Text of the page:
5 Books To Read When You Need A Good Laugh


Here’s the funny thing (and I don’t mean funny ha-ha) about books by comedians. A lot of the time, they just bomb. I suppose it’s because some humor is better delivered in a comic’s voice than read in my own. Or maybe it’s because some humorists are more comfortable on a stage than on the page. Well, that’s not in the case with these five jewels. They’re not only laugh-out-loud funny, they’re uniquely, off-the-wall bold. (Which begs the question: Hey, Louis CK. When are you gonna write a book?)

My Custom Van, by Michael Ian Black
You might know Michael Ian Black best from VH1’s “I Love the…” series or NBC’s Ed. Or maybe you know him from Comedy Central or Viva Variety. You probably don’t know him as a poker player or a children’s book author, but he’s both of those things well, as well. What I’m getting at is this guy is multi-talented, but what he does best, in my opinion, is write bizarre, howl-worthy essays. And this book has 53 of them.

Just to give you an idea of what to expect from My Custom Van, here are a few titles of included essays: A Meditation on Salami; Do Not Buy Tundra From a Door-to-Door Salesman; A Series of Letters to Celine Dion’s Husband, Rene Angelil; and Why I Used a Day-Glo Yellow Marker to Color My D*ck Yellow. (He doesn’t use the asterisk, by the way.) There. I think that’s enough to pique your interest. I give this book four-and-a-half stars out of five on the coffee snarfing scale.

Squirrel Seeks Chipmunk, by David Sedaris
I’ve read most of David Sedaris’s books, and this one just stunned me, in that it completely stands alone in its subject matter and approach. This is Sedaris on his head. In Squirrel Seeks Chipmunk, all of the essays are written from the point of view of an animal that’s in a very human situation: a cat at the salon getting its hair done by a baboon. An Irish setter dealing with his cheating wife. A grieving owl who’s hounded by his family members. This book is outrageously odd and funny. It’s like Aesop’s Fables on acid. And that is saying something. (Bonus: It’s illustrated by Ian Falconer of the Olivia series.)

My Horizontal Life: A Collection of One-Night Stands, by Chelsea Handler
This might be the boldest book I’ve ever encountered. In it, stand-up comic and talk show host Chelsea Handler details her history of one-night stands and romantic escapades, leaving no stones (pardon the pun) unturned. What could potentially be a lurid memoir or a self-indulgent undertaking turns out to be shockingly well-written, wry, and nothing short of hilarious. I had my doubts about this one, but it’s an exercise in bravery, smarts, and gymnastics.

Born Standing Up: A Comic’s Life, by Steve Martin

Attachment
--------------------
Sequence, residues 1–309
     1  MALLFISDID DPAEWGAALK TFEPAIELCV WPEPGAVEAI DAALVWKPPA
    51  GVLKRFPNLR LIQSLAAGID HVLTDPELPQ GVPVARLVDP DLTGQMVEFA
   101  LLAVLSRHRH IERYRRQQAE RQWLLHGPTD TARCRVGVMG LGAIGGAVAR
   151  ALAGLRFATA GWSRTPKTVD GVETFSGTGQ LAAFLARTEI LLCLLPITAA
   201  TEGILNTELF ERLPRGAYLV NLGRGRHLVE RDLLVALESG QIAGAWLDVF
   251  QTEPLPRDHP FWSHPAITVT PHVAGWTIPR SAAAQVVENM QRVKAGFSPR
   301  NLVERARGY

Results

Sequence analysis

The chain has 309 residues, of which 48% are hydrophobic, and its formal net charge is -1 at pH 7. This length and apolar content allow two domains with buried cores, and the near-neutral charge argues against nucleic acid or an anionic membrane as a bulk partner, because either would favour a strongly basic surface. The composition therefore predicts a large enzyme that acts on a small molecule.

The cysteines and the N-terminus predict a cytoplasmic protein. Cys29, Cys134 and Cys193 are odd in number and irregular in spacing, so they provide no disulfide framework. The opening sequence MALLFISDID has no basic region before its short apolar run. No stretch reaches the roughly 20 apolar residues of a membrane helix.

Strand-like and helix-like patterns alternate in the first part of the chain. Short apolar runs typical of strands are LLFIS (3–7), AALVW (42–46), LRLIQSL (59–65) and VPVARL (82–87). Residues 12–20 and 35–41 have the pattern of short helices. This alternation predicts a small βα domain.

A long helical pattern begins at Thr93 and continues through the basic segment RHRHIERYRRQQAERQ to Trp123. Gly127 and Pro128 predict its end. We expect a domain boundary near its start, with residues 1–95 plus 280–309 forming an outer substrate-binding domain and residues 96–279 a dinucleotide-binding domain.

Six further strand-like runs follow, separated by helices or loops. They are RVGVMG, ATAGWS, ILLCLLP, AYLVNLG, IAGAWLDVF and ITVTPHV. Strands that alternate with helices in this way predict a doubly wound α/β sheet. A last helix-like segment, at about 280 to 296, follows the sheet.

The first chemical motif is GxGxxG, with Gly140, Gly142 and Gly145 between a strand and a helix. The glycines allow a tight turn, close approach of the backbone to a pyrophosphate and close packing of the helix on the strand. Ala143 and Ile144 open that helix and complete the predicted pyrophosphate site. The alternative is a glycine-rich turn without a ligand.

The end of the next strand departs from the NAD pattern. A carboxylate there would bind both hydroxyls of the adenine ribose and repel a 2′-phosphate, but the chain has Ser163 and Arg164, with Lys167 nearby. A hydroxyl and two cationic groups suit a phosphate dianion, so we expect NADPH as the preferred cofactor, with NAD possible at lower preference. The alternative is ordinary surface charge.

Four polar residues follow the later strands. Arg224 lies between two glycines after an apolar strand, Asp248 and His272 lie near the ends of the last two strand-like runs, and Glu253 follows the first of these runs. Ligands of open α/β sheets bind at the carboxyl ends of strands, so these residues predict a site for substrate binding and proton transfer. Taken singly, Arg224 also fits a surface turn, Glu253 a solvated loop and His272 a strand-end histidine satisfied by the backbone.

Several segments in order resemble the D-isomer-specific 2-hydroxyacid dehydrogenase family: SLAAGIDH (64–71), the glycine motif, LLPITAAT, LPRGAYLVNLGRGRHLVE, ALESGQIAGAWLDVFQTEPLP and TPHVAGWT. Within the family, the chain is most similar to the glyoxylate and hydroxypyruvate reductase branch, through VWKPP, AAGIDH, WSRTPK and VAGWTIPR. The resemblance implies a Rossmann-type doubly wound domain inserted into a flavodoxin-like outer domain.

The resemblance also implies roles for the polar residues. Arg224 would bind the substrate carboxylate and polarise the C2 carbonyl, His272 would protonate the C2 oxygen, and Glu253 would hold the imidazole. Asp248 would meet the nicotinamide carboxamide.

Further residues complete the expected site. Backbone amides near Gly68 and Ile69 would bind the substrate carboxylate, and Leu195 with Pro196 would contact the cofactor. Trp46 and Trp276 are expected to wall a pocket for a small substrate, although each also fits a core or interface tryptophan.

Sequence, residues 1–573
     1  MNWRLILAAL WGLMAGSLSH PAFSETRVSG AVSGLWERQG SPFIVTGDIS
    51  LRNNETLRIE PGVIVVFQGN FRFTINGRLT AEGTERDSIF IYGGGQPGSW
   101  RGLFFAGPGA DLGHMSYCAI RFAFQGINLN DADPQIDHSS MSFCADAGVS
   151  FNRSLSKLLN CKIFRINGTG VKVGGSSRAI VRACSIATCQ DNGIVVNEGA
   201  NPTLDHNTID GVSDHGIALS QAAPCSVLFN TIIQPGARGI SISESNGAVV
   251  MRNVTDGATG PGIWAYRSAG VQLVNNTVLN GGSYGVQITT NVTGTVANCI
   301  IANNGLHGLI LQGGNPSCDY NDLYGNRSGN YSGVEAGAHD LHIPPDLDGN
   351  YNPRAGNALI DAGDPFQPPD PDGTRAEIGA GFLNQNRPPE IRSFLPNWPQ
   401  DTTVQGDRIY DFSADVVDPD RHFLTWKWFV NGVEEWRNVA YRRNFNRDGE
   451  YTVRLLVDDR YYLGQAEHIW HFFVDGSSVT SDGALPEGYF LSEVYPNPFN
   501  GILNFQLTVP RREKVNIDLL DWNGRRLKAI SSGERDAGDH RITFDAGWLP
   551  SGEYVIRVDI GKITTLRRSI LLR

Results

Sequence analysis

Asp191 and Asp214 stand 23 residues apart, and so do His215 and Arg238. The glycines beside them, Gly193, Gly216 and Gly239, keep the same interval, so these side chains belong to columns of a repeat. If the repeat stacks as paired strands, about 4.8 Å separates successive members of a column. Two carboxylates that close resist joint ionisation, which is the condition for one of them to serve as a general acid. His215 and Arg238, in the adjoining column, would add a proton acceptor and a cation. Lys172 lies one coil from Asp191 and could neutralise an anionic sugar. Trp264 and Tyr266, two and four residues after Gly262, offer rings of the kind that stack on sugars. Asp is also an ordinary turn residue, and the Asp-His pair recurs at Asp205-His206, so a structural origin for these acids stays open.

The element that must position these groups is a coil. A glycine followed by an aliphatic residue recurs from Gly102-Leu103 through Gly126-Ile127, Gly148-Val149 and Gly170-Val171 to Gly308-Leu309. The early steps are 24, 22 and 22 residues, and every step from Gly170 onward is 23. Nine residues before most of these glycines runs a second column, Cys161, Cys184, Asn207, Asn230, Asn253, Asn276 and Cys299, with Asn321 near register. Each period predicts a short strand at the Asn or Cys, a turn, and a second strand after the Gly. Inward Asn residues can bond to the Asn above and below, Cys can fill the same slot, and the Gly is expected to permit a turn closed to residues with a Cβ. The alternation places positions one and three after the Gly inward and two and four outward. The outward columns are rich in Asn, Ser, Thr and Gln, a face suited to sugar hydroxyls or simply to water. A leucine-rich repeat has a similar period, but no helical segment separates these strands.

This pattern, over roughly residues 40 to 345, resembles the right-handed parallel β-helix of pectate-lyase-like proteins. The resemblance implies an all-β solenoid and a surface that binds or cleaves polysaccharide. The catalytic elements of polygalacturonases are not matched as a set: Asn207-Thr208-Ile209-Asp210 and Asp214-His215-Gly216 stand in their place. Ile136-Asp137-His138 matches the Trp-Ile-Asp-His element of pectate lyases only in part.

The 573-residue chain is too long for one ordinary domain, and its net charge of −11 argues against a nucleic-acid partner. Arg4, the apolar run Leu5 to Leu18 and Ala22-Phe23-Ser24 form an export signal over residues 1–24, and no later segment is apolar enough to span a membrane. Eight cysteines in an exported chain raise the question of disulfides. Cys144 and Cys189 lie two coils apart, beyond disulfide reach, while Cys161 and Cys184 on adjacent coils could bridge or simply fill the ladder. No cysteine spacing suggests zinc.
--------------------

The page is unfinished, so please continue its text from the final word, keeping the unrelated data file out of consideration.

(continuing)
This is a tender, funny, achingly honest autobiography about Steve Martin’s standup years. Wait, you say. That doesn’t sound off-the-wall. Well, brace yourself, because Steve Martin’s approach to comedy, way back in the 1970s, was utterly groundbreaking. Weird? Arguably. Genius? Absolutely.

Born Standing Up details how Martin got his start at age 10 at Disneyland, selling guidebooks and eventually perfecting old-school magic tricks. From there, we learn about his philosophical pursuits in college, his tendency toward hypochondria and anxiety, and ultimately, his methodical, disciplined approach to writing the wackiest comedy shows anyone had ever seen. This highly intelligent book isn’t necessarily oddball in and of itself, but it’s about one of the wildest and craziest guys the comedy world has ever known.

I Like You: Hospitality Under the Influence, by Amy Sedaris
I know. I already reviewed one Sedaris in this article. Can I really justify another? Well, let’s just pretend this is a dinner party and I get to invite whoever I want. I’m inviting both David AND Amy Sedaris. Speaking of dinner parties, you don’t want to plan your next one without picking up this howler.

A book on entertaining and hostessing like none other, Amy Sedaris is to Colbert’s Shrimp Paste and Penne Earrings what Martha Stewart is to Roast Goose and a strand of pearls. Part humor book, part cookbook, part weird arts and crafts instructional, I Like You does a bang-up job of pairing good hostess advice (Greet each guest with genuine enthusiasm!) with unorthodox advice (Sometimes I’ll take the eviction notice off my neighbor’s door and slap it on my own.). This uproariously illustrated book actually makes a lovely gift; bring it instead of carnations to the next party you’re invited to.

Which books have made you LOL the most?

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